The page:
Europe’s Secession Panic
Win or lose today, the Scottish independence movement has already had an impact on much of Europe—especially regions with organized separatist movements, like Catalonia and Flanders.
Should I stay or should I go?
As the world waits to see how Scotland votes on Thursday, more than a few European regions are watching very closely indeed.
If Scotland chooses independence, many regions with highly organized separatist movements like the Catalans in Spain and the Flemish in Belgium will be bolstered in their own fight for autonomy. Others where the aspiration to separate faded after generations of frustration, like the Breton independence movement, or Padania in northern Italy, may now take heart. Even if Scotland chooses to remain part of the United Kingdom, these regions will be watching closely to see what concessions the Scots earned by staying, and just how valuable the threat of a vote might be. These are some of the more important movements:
Nowhere is separatist fever hotter than the northern Spanish region of Catalonia, which contributes 20 percent of the Spanish economy. The Catalan separatist movement has been growing in recent years, as demonstrated each September with a march on Barcelona. This year, 1.5 million people took to the streets to demand independence, or at least a government blessing for the referendum scheduled for November 9, even though Madrid currently says it is illegal and its results null and void. On the Catalonia Votes website, Catalan separatists say their distinct culture, language and desire for self-government should be heard. “A referendum on self-determination is necessary to reset the relationship between Catalonia and Spain,” according to the site. “It is the popular demand of more than 80 percent of Catalans in opinion polls, and of a clear majority of members of the Catalan parliament.”
The divide between Dutch-speaking Flanders and French-speaking Wallonia has always been a conspicuous obstacle to national unity, but not an insuperable one. In elections last May, however, the Flemish separatists won big, which could eventually pave the way to a partitioned nation. Since the European Commission sits in Brussels, the breakup of the host nation would be something of an embarrassment for the European Union as a whole. There is such rampant speculation about the Belgian divide that there was even talk at the World Cup in Brazil that Belgium would no longer have a national team by the time the next World Cup rolls around in 2018.
The Basque Country
Perhaps there is no more aggressive separatist movement in recent history than the Basque Separatists, or Euskadi Ta Askatasuna (ETA), who would like to see their region that straddles the Spanish and French border enjoy even more autonomy than it already does. But force has not been on ETA’s side. More than 800 Spanish people have been killed in years of bloody conflicts, and after ETA renounced violence in 2011, the separatist movement lost much of its momentum.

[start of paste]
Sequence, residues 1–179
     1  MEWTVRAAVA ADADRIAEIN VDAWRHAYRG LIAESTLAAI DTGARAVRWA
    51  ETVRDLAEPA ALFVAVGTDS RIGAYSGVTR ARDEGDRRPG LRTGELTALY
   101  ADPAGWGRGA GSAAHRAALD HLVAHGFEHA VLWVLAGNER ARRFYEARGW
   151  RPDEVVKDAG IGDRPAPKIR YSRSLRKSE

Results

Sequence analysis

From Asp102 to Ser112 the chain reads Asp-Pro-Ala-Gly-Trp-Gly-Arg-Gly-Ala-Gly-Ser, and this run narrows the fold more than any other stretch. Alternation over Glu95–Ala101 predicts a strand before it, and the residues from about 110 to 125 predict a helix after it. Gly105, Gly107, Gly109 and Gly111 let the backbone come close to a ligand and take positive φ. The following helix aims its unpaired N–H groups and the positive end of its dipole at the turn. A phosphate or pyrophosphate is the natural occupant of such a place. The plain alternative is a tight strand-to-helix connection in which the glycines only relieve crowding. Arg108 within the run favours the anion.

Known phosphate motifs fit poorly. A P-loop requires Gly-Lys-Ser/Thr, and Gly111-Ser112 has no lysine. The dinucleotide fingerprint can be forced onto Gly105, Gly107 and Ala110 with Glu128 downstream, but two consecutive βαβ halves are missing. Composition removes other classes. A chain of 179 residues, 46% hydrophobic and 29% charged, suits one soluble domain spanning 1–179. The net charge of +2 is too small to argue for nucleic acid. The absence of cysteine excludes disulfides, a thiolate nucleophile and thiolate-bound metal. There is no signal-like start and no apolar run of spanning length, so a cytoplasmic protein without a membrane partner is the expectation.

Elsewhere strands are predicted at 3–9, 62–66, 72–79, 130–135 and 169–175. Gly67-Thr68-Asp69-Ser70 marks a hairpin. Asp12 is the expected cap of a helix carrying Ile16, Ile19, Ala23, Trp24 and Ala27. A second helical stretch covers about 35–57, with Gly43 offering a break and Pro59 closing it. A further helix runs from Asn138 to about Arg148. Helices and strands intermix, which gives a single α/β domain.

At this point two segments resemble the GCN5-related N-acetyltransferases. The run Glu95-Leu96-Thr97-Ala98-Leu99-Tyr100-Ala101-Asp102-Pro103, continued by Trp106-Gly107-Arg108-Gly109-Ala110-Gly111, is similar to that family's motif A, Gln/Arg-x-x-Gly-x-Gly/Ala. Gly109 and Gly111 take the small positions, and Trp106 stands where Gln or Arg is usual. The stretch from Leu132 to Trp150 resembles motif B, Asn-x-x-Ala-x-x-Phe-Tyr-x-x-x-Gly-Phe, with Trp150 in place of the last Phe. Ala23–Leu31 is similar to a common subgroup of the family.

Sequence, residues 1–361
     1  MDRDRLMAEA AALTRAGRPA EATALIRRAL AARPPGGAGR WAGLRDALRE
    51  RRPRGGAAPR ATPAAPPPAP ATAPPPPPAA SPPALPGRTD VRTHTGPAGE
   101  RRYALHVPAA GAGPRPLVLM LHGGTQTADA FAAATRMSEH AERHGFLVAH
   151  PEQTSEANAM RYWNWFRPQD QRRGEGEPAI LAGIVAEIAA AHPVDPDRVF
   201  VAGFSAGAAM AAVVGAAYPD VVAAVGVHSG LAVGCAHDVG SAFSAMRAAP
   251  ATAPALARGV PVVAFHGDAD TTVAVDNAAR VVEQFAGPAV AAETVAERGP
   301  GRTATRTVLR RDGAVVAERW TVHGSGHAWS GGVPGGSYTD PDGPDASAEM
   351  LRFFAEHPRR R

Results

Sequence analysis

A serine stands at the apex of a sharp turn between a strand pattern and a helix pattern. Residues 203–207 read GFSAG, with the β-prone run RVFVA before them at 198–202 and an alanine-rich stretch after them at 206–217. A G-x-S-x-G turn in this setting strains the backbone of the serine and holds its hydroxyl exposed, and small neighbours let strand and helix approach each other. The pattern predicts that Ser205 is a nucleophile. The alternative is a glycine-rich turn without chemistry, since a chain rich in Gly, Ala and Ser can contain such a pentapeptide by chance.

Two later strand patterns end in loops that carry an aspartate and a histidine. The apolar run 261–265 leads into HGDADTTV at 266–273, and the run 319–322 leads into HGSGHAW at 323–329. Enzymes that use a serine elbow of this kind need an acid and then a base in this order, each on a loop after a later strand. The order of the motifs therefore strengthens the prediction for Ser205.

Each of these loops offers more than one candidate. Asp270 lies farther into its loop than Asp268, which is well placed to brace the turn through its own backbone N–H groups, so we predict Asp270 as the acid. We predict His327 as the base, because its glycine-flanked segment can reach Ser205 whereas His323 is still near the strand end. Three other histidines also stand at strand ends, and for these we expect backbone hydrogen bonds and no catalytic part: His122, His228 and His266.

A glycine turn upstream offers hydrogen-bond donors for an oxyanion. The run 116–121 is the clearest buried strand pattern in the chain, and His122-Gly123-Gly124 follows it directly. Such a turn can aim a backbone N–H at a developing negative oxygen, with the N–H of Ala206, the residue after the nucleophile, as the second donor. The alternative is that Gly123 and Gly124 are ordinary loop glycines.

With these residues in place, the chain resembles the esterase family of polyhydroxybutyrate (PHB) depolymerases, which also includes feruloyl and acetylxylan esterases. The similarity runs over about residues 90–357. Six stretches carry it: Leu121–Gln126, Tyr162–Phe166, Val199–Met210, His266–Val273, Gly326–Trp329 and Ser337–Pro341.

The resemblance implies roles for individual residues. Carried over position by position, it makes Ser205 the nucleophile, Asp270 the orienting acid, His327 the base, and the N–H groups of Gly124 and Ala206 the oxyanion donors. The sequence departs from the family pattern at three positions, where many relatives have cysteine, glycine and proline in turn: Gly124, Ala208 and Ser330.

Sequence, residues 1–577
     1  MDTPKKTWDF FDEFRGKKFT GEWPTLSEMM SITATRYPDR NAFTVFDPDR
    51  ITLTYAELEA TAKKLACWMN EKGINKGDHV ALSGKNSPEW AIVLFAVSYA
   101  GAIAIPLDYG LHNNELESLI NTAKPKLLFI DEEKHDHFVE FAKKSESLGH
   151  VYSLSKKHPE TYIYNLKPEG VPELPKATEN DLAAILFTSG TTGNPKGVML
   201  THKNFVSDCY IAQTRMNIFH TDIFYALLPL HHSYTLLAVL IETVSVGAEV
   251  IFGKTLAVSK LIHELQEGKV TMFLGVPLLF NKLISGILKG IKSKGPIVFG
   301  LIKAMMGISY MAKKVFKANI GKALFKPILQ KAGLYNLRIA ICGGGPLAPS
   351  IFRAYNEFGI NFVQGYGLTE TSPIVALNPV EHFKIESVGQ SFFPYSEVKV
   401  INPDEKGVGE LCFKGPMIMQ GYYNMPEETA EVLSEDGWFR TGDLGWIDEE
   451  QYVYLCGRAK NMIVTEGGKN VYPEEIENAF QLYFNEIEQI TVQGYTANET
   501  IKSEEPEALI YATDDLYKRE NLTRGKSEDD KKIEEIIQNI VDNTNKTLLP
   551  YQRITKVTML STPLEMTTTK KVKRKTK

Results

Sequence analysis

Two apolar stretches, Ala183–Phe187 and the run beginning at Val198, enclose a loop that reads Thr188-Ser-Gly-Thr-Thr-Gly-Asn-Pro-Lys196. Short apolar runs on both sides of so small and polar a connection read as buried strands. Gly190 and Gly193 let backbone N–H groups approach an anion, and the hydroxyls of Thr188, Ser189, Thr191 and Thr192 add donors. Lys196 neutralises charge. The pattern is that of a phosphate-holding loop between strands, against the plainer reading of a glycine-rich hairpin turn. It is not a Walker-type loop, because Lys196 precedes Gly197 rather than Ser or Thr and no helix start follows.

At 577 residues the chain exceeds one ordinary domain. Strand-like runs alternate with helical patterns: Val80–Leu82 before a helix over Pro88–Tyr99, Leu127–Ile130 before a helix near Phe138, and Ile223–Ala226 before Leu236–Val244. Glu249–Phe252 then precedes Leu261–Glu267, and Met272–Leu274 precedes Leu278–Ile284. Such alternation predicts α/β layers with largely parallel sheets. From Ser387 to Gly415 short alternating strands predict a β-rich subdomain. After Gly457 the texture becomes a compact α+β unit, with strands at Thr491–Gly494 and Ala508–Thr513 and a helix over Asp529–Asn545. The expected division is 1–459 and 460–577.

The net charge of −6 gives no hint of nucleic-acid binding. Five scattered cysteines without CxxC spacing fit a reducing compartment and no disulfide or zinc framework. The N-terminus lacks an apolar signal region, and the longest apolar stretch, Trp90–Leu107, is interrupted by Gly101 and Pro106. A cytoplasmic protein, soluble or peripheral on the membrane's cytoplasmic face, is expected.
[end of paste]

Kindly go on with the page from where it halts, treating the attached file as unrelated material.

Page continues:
Separatists on the French island of Corsica also have a long history of violence attempting to extract themselves from the mother country, but its generated little progress toward independence and a lot of animosity among the population. Just last week a luxurious Club Med on the resort island was heavily damaged in a bomb attack blamed on the separatist FLNC (National Liberation Front of Corsica), which supposedly renounced violence on June 25. Over the last 40 years, almost 5,000 bomb attacks in Corsica have been claimed by separatist groups, according to the French government. Another 5,000 or so were carried out anonymously.
A second Mediterranean island that has toyed with the idea of independence is Sardinia, which recently pleaded with the government in Rome to sell the island to Switzerland, which, according to the separatist website, is a country they identify with much more than Italy. Sardinia has a dozen separatist parties that have not been able to launch a cohesive push because of differences in politics and old island rivalries, and until they speak with a unified voice, it is unlikely Rome will listen—or that Switzerland will consider making an offer.
Last March, Venetians and residents of the Veneto region of northern Italy voted an overwhelming 88 percent in favor of separating from Italy, even though the five-day online vote was not recognized by Rome—or many Italians for that matter. But since the Venice vote happened just as Crimea voted to separate from Ukraine, the Venice vote became an obsession on Russian state TV. Its correspondents flocked to the canal city to cover the event as if to prove that separatist movements were en vogue. The Veneto movement is a softer side of the old Northern League Padania separatist movement, which has largely lost steam since its leader, Umberto Bossi, stepped off the political stage amid corruption scandals.
Win or lose, the Scottish independence movement has already had an impact on much of Europe. “Whatever happens, the Scottish people have already won, they will have exercised their sovereignty and their right to self-determination,” Carme Forcadell, president of the Catalan National Assembly (Assemblea Nacional Catalana-ANC), told Público. “If the Yes wins, it will be beneficial for us because it will put the European Union on alert. But the fact that they are voting is an example for us all.”